poetry and painting

prepared for “Epiphanic Moments: A Conversation About Poetry and Painting” (with Ken Hada, Nathan Lewis, and Jonas Zdanys) at Sacred Heart University in Fairfield, Connecticut, 18 April 2018

In his Pedagogical Sketchbook (1925), Paul Klee described painting as “taking a line for a walk.” I fell in love with that image the first time I encountered it, because it gets right to the point – and it calls to mind one of the most compelling intersections of poetry and painting. It marks an obsession – the line – shared by the two arts. It’s interesting to me that this obsession is – on the face of it – a geometric figure, one of the basic elements, in fact, of geometry. It is front and center in the first book of Euclid’s Elements, and I find that tangle of connections fascinating.

It occurred to me a number of years ago when I was doing a close reading of the book with a small group of students at the University of Chicago that Euclid was a kind of poet (which is, by the way, how Kierkegaard described himself – and also god: as “a kind of poet”). You can, in fact, say that of just about every early “Greek” thinker – and, though we have splintered disciplines and increasingly quarantined science and technology from the arts, when we work our way back to the thinkers known as Presocratics who were scattered around the Mediterranean from the 7th through the 4th centuries BCE and are often credited with taking the first steps toward science in “our” collective memory, there is poetry and, with it, music.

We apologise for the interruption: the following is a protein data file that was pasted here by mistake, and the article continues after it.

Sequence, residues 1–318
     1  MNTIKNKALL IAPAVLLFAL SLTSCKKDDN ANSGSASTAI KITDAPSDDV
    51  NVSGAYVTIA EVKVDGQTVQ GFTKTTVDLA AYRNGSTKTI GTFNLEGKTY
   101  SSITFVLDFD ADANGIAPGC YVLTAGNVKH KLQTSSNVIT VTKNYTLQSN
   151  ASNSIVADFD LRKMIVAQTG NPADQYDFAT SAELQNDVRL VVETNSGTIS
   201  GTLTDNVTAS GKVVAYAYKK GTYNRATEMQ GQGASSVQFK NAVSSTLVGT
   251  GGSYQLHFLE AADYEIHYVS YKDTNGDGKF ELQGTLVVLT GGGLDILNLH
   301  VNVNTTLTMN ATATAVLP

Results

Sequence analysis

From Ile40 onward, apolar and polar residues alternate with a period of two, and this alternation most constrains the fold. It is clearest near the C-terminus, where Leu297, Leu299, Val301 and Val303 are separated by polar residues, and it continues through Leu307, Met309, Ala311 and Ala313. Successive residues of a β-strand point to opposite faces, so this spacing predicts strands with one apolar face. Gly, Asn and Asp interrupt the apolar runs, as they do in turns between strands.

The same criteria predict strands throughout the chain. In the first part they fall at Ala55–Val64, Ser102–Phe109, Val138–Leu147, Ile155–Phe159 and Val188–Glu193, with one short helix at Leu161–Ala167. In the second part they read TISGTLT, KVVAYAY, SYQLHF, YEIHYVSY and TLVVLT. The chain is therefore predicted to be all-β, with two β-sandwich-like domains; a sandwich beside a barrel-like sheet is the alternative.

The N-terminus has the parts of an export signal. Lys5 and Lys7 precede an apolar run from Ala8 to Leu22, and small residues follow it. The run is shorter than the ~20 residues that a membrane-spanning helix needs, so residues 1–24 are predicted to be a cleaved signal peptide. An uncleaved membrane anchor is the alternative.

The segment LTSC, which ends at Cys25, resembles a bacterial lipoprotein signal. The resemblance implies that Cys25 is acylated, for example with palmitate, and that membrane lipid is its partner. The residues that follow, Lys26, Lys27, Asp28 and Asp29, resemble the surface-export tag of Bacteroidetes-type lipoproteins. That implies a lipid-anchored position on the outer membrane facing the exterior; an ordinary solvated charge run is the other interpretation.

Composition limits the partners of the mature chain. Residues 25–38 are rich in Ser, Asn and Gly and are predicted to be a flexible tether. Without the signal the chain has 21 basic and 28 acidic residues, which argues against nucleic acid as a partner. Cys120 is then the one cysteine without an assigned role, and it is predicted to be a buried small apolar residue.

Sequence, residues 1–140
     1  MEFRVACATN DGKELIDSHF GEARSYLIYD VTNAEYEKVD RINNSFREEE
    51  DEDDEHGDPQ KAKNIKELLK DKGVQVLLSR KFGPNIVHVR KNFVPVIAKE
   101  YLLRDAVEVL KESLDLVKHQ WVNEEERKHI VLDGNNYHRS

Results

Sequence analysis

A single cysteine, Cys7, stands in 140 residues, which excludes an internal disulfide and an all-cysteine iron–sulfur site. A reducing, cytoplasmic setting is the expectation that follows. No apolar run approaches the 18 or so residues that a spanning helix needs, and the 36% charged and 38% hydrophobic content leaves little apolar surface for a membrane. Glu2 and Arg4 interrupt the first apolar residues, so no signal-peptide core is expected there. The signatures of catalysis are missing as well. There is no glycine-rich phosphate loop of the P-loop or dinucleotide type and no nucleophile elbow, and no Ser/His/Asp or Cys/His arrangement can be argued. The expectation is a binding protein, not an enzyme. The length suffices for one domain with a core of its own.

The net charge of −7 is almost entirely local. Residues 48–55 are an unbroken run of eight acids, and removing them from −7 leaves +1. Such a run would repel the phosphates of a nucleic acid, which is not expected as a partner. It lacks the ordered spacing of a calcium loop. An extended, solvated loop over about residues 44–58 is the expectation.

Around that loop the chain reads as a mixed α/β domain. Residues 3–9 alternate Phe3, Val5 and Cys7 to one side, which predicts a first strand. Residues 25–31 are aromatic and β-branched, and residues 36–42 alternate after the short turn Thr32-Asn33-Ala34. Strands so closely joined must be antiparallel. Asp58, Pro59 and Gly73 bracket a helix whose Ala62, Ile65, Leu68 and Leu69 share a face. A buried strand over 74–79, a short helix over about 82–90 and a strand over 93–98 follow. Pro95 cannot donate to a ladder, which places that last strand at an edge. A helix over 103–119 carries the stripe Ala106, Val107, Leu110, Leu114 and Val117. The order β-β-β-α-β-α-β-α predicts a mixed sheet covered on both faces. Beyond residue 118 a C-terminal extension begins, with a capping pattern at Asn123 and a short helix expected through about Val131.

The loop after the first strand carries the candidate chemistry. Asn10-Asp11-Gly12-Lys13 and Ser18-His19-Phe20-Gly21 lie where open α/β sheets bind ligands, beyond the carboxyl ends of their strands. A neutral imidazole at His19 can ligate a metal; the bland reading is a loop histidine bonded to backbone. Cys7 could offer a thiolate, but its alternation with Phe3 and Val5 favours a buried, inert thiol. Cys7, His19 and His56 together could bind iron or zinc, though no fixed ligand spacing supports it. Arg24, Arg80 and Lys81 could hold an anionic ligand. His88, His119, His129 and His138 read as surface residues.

François Jullien and others have made it clear that this is strikingly similar to steps early Chinese thinkers took – and we can find similar starting points in Africa (as in Kwame Gyekye’s studies of Akan thought) and in the Americas (before they were known as “the Americas”). One of the questions that has obsessed me in my work as a philosopher is how this unity came to be fragmented and what price we have paid for it.

But back to Euclid for a moment. Here’s the first stanza of a poem called “boundaries” composed of translations of a number of his definitions in Book One of the Elements:

sign is that that that has no part line is that that that has
length no width limits of lines are signs straight line lies
even with signs it contains epiphany is that that that has
length and width alone limits of epiphanies are lines
ground level epiphany is that that that lies with lines it
contains boundary is that that that is limit scheme is that
that that is bound by some limit circle center is sign

Let’s play with that for a moment. What I’ve translated as “sign” (semeion) is usually translated as “point” — and that’s fine (and understandable, given that this is a treatise on geometry). But it also obscures something that I think is important. Euclid’s “sign” has no dimension. It is no thing. And that’s the point. We start where we are (where else?) with a sign (which is, for want of a better term, a figment of our imagination) and we make something of it. We mark it.